Young cancer patient returns home

Rounds of chemotherapy and a fourth bone marrow transplant were critical for 9-year-old leukemia patient Brennan Simkins. The best prescription the doctor could write, though, ordered Tara and Turner Simkins to return Brennan and his brothers, Nat and Christopher, to their Augusta home.


"It's a dream come true," said Brennan, who was diagnosed with acute myeloid leukemia in January 2009.

The Simkins family moved back to Memphis, Tenn., last September after a routine checkup at St. Jude Children's Research Center showed more signs of leukemia. Brennan received his fourth transplant Jan. 27.

"One of the beautiful things about coming home is eating at the dining room table and all five of us sleeping under one roof. He hasn't had that in 10 months," Tara Simkins said.

The family must adjust to living in Augusta again as a new school year creeps up on the three boys. His two brothers will return to St. Mary on the Hill Catholic School, but Brennan cannot expose his weakened immune system to a classroom filled with common germs.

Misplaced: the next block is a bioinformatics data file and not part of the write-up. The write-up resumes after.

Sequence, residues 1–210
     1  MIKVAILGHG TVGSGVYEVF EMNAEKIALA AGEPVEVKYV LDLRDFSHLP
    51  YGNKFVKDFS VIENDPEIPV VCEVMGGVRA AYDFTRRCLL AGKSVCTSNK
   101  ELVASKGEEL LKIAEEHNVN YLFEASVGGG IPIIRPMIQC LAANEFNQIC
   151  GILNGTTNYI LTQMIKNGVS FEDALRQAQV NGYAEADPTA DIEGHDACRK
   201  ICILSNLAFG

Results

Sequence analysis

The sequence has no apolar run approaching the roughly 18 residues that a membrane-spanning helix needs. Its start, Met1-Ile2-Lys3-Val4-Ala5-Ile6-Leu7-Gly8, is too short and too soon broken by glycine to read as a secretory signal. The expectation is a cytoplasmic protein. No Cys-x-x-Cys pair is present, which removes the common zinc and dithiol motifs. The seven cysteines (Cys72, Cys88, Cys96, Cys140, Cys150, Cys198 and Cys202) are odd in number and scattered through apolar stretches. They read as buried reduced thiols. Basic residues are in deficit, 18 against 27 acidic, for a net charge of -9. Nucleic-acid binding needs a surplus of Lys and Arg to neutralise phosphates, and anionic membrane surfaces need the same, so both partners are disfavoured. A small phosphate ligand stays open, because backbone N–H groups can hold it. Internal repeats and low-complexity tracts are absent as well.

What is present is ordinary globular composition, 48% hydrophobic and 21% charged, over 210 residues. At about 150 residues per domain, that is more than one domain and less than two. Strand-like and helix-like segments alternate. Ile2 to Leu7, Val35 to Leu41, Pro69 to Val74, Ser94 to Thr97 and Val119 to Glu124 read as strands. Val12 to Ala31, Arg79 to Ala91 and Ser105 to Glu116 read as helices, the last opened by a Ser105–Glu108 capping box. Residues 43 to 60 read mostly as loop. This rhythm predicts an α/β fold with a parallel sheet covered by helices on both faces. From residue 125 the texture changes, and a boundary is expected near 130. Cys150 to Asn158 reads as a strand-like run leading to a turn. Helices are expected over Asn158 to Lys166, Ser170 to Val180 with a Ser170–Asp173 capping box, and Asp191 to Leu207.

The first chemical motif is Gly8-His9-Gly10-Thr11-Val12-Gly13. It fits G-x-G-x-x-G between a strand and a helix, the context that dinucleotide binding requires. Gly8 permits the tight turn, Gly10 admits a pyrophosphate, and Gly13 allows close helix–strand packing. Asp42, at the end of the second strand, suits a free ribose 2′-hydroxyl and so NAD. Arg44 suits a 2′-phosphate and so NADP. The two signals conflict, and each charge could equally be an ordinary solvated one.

"Brenny," as family and friends call him, will add three hours of tutoring each week to a daily routine of medicine treatments. He swallows 18 pills twice a day, uses an internal feeding tube and takes an appetite stimulant two other times.

"Your routine changes so much. You can't eat out; public places are off limits," Tara Simkins said. "It was just an opportunity to get very creative and imaginative."

Julie Batchelor, a 27-year veteran teacher, began lessons with Brennan last year before he was called back to St. Jude. She will work with teachers and administrators at St. Mary to adapt lesson plans for Brennan again this year.

"You try to get them on grade level, but you have to look from the perspective that these children are ill," Batchelor said.

The individualized tutoring allows for flexibility on days that Brennan might not have the energy level for class. Batchelor, who has tutored one other sick child, tries to keep lessons fun and challenging.

"They have been through more than most of us. You want to do something they can look forward to," she said.

Coming back to Augusta offered Brennan a real-life perspective on beating leukemia, Turner Simkins said. Brennan can be surrounded by his brothers, reunite with neighborhood buddies and play with his dog while the family and doctors continue to monitor his progress.

"I want to celebrate the first anniversary of his fourth transplant," his father said. "We have a lifetime of thanks to give. Right now, we're just getting our bearings back on being home."

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